Have any of you learned lessons this way?


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5 Responses to “Thoughtful Spending to Save Money”
  1. Good question! The problem that arises, at least for me, is that every time I try a strategy along these lines I’m having to second-guess some unpredictable factors. One mistake and all your strategizing goes for naught.

    I’ve been eyeballing Costco’s $800 HP laptop-&-cheapo printer combination. Not too sure about HP quality, but I guess with any PC it’s a pig in a poke. When my job ends and the university takes back its laptop, I’ll need some sort of PC for jobs the Mac doesn’t do well…this looks like a reasonable answer to that need and would provide a back-up printer in the bargain. But, there’s that unpredictable factor: will enough jobs that require Microsoft’s software really arise to make it worth spending $800, when in a pinch I can mooch some time on my son’s high-powered PC? Hmmm….

  2. Rick Beagle says:

    I guess you could call me a technology expert given my twenty or so years in the industry (financial sector). If you are in the “business”, you understand that the word “expert” is only as good as the next release of “whatever”, and since that happens continuously, we are always novices about something or other.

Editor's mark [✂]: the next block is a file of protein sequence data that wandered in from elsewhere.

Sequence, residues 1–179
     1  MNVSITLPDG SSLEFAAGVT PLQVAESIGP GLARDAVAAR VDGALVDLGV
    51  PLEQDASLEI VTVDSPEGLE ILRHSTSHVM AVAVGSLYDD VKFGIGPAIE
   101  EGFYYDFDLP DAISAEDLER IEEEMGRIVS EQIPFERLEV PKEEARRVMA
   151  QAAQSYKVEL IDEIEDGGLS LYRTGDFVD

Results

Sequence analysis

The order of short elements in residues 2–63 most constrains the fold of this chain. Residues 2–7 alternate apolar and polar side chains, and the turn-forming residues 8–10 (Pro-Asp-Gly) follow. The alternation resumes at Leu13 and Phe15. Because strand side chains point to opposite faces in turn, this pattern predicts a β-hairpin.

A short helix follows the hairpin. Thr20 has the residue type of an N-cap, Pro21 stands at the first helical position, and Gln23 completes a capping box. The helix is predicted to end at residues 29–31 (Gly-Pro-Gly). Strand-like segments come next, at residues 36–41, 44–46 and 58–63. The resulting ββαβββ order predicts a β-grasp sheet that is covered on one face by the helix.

With that said, please let me provide two pieces of unsolicited advice:

    1) Never, ever purchase any technology that doesn’t have a need, and purchase with those parameters in mind. Computers can do some amazing things, and like many other items in the market, the higher the price the more “amazing” things it can do. The question is do you need all of those amazing features?

    2) Talk to an IT expert. Most of us have access to one of these or a few either at work or school. Please, I am not talking about the guy who seems to be handy around computers. To drive this point home, just because you can change your own oil doesn’t make you a mechanic. Get expert advice. The good news, most of us in the IT field will provide you with more information that you can handle for a lunch. That’s right, you potentially save thousands for a five dollar sandwich – quite the deal.

    Funny,